Indirect effect of alpha-1-antitrypsin on endotoxin-induced IL-1β secretion from human PBMCs

Sabina Janciauskiene, Srinu Tumpara, Nils Helge Schebb, Falk F.R. Buettner, Malwina Mainka, Kokilavani Sivaraman, Stephan Immenschuh, Veronika Grau, Tobias Welte, Beata Olejnicka

Research output: Contribution to journalArticlepeer-review

Abstract

Human alpha-1-antitrypsin (AAT) encoded by the SERPINA1 gene, is an acute phase glycoprotein that regulates inflammatory responses via both protease inhibitory and non-inhibitory activities. We previously reported that AAT controls ATP-induced IL-1β release from human mononuclear cells by stimulating the release of small bioactive molecules. In the current study, we aimed to elucidate the identity of these putative effectors released from human PBMCs in response to AAT, which may inhibit the LPS-induced release of IL-1β. We pre-incubated human PBMCs alone or with different preparations of AAT (4 mg/ml) for 30 min at 37°C, 5% CO2, and collected cell supernatants filtered through centrifugal filters (cutoff 3 kDa) to eliminate AAT and other high molecular weight substances. Supernatants passed through the filters were used to culture PBMCs isolated from the autologous or a heterologous donors with or without adding LPS (1 μg/ml) for 6 h. Unexpectedly, supernatants from PBMCs pre-incubated with AAT (Zemaira®), but not with other AAT preparations tested or with oxidized AAT (Zemaira®), lowered the LPS-induced release of IL-1β by about 25%–60% without affecting IL1B mRNA. The reversed-phase liquid chromatography coupled with mass spectrometry did not confirm the hypothesis that small pro-resolving lipid mediators released from PBMCs after exposure to AAT (Zemaira®) are responsible for lowering the LPS-induced IL-1β release. Distinctively from other AAT preparations, AAT (Zemaira®) and supernatants from PBMCs pre-treated with this protein contained high levels of total thiols. In line, mass spectrometry analysis revealed that AAT (Zemaira®) protein contains freer Cys232 than AAT (Prolastin®). Our data show that a free Cys232 in AAT is required for controlling LPS-induced IL-1β release from human PBMCs. Further studies characterizing AAT preparations used to treat patients with inherited AAT deficiency remains of clinical importance.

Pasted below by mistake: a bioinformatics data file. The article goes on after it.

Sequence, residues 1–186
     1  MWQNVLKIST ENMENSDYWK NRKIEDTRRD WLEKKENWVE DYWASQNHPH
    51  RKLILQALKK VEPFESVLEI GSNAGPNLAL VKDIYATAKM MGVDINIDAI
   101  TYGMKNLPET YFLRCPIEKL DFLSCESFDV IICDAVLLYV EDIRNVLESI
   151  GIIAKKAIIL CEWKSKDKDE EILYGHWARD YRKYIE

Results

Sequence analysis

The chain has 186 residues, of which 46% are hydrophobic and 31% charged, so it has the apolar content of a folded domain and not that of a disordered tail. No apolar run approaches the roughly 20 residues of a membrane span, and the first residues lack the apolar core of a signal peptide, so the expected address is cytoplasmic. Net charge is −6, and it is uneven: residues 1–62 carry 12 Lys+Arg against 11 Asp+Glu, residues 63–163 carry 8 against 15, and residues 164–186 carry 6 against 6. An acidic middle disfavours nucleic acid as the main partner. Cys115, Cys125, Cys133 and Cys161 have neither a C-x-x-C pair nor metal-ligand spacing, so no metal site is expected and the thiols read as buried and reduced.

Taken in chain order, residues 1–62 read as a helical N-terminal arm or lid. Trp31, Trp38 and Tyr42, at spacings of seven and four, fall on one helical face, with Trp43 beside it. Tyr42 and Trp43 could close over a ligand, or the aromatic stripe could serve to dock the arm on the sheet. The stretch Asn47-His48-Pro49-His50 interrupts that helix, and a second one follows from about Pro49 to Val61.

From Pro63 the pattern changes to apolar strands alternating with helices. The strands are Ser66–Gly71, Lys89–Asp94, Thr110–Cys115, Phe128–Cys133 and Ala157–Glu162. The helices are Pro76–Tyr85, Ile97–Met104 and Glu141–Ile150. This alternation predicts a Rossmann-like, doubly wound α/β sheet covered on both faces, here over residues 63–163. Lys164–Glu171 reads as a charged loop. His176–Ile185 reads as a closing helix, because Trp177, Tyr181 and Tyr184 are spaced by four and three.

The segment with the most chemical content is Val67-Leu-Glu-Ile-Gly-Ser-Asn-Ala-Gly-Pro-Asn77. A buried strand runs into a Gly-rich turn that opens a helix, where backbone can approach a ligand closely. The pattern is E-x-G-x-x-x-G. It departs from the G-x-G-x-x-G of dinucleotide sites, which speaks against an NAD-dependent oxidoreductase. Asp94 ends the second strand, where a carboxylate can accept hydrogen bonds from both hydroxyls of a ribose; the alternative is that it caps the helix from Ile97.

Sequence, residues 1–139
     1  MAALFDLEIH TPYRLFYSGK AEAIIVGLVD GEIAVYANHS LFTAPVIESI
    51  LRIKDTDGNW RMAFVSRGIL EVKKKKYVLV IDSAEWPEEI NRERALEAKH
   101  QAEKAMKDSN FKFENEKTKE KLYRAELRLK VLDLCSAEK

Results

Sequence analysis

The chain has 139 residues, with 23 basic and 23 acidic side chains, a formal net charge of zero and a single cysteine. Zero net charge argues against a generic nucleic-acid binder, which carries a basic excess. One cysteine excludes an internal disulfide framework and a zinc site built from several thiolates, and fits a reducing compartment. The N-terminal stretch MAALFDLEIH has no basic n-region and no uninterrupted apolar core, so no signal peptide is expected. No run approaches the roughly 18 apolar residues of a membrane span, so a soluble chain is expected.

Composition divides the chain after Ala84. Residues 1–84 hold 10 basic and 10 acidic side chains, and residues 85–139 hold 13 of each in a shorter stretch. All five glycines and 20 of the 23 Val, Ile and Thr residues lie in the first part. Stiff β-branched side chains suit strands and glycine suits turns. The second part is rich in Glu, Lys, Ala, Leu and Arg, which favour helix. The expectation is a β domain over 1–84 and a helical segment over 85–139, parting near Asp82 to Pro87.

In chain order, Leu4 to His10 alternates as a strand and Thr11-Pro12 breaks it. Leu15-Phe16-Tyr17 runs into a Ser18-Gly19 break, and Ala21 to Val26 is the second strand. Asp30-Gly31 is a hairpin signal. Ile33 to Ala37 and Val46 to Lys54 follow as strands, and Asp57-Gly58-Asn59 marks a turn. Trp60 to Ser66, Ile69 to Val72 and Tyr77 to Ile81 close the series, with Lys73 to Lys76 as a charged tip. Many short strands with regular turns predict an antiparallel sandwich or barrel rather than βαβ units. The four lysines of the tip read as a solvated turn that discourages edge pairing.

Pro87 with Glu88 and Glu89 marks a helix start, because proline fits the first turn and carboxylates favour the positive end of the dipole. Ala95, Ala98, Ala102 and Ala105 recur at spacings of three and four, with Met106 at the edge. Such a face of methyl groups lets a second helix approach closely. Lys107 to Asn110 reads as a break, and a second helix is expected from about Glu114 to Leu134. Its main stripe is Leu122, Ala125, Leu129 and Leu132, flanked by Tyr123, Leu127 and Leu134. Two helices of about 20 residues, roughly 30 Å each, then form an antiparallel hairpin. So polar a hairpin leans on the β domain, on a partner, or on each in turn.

Original languageEnglish
Article number995869
JournalFrontiers in Pharmacology
Volume13
DOIs
Publication statusPublished - 2022 Sept

Subject classification (UKÄ)

  • Rheumatology and Autoimmunity

Free keywords

  • alpha-1-antitrypsin
  • Cytokines
  • Interleukin-1β
  • LPS
  • mass-spectrometry
  • PBMCs
  • supernatants
  • total thiols

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